Credit card processing and ACH direct debit processing might seem like time-intensive and complicated systems. In reality, the entire process takes less than a few minutes! The two processes we’ll outline here are granular for a reason. Knowing how a payment processor works will help your nonprofit know what to do if something ever goes wrong.

How Does Credit Card Processing Work?

This is the first step in the credit card payment process.
1. Donor makes an online contribution with a Visa, MasterCard, American Express, or Discover card.
A supporter kicks off the credit card processing system by using a donation form, text-to-give tool, a mobile bidding app, or another type of fundraising software to make a contribution with their credit card. They normally have to input the credit card number, security code, expiration date, their name, and billing address to complete the form.
This is the second step in the credit card payment process.
2. Credit card information is sent to the payment gateway.
Once the donor hits the “Submit Donation” button, their credit card information is sent to the payment processor’s payment gateway. The payment gateway checks to make sure that the credit card numbers are legitimate and belong to the donor who has made the contribution. If something doesn’t add up or looks suspicious, the payment gateway will notify the nonprofit and put a hold on the transaction. If everything is okay, then the process continues.
3. Payment processor sends the transaction to the credit card company’s network for additional authorization.
If the payment gateway approves the transaction, it is then sent to the credit card company’s network. Visa and MasterCard are examples of a credit card company network. During this step, the credit card network will also send the transaction to the donor’s credit card bank.
This is the fourth step in the credit card payment process
4. Approval or denial is sent to the supporter and the organization.
Once the transaction goes through the credit card network and the bank, it is either approved or denied. The outcome is then sent to the supporter (in the form of a confirmation screen and a donation receipt or email) and the nonprofit (in the form of a notification in their payment processing software).
This is the fifth and final step in the credit card payment process.
5. Donor’s bank sends the funds to the nonprofit’s bank account.
This step is self explanatory! Once all of the backend processes have occurred, the donation is deposited into the nonprofit’s bank account from the donor’s credit card bank. Depending on the type of card used and the particular payment processor, it could take 24 hours to a week for the funds to actually transfer.

How Does ACH Direct Processing Work?

This is the first step in the direct debit process. The donor makes a contribution
1. Donor makes a contribution.
A donor that makes a contribution using ACH direct debit will have to input their bank account number and bank routing number. These are found at the bottom of a physical check. The donor may also have to give a billing address and other types of verification.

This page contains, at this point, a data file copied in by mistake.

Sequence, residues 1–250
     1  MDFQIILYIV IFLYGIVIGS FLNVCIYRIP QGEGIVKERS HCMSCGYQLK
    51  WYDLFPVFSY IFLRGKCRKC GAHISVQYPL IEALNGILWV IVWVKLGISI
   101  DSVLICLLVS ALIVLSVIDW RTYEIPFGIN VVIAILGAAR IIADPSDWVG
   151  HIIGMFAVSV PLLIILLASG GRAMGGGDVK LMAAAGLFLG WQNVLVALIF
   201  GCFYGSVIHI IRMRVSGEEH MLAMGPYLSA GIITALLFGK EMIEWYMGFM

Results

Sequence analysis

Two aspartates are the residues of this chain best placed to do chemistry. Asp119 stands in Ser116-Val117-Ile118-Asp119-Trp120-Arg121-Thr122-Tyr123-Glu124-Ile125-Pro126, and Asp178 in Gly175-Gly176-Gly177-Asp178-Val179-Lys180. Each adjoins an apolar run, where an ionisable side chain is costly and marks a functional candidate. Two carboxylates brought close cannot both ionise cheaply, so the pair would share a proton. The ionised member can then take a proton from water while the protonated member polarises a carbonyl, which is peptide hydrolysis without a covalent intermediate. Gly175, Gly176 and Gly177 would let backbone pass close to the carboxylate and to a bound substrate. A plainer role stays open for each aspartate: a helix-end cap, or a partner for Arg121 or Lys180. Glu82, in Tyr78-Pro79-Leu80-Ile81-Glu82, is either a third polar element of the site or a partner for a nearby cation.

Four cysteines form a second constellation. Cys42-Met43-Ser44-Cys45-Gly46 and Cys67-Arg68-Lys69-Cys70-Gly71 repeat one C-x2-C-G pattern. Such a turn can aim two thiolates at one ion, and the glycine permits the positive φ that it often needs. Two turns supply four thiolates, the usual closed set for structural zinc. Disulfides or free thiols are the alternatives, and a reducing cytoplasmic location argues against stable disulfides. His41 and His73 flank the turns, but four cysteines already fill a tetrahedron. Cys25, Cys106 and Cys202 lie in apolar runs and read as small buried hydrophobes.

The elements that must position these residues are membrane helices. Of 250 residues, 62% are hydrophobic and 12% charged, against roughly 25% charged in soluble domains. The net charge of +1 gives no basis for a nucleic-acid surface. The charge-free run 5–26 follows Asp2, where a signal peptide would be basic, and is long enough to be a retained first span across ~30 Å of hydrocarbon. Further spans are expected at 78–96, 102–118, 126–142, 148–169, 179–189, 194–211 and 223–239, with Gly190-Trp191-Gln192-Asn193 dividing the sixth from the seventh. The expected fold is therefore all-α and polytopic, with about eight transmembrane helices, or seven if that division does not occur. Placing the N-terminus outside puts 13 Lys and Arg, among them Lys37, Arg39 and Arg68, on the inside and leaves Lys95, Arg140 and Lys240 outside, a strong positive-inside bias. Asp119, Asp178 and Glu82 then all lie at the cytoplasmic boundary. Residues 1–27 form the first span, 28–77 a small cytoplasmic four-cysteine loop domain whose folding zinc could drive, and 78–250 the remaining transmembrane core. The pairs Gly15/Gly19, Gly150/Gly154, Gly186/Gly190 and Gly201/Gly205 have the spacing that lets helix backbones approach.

This is the second step in the direct debit payment process.
2. The supporter’s bank initiates the ACH entry.
The donor’s bank is known as the Originating Depository Financial Institution (ODFI). When a donor makes a contribution using ACH direct debit, they essentially signal to their bank that a payment should occur.
This is the third step in the direct debit payment process
3. The bank transmits transactions in groups called “batches.”
The ODFI then transmits batches of ACH payments to an ACH Operator. There are two ACH Operators in the U.S.: the Federal Reserve or the Automated Clearing House.
4. The ACH Operator sorts and processes the batches.
The ACH Operator will process the batches as they come in, but because there are hundreds of thousands of transactions occurring every day, it can take anywhere from 24-48 hours for the sorting and processing to be completed.
This is the final step in the direct debit payment process
5. The funds are transferred from the donor’s bank account to the nonprofit’s bank account.
Once the ACH Operator has processed the batches of transactions, it signals to the donor’s bank that the funds are ready to be transmitted to the nonprofit’s bank account.

Benefits of Having a Great Payment Processor

Accept Donations Quickly

A great payment processor will help your nonprofit accept donations quickly and easily. While the payment processing system seems in depth and complicated, the whole things takes a matter of seconds or minutes. A great payment processor can enable your organization to fundraise more quickly and more effectively.

Securely Process Payments

The best payment processors will adhere to the highest levels of PCI compliance and will offer their nonprofit clients fraud protection tools like BIN checking, AVS, tokenization, encryption, and more. Without these, your organization is open to fraud, which can not only affect your nonprofit but your supporters as well.

Capture Donor Information

Every time someone makes an online donation, they must input a minimum amount of information to complete the transaction. And if your payment processor integrates with all of your other types of fundraising software, then your donor data will be synced regardless of whether a donor made a contribution using a mobile bidding app, text-to-give tool, or standard donation page!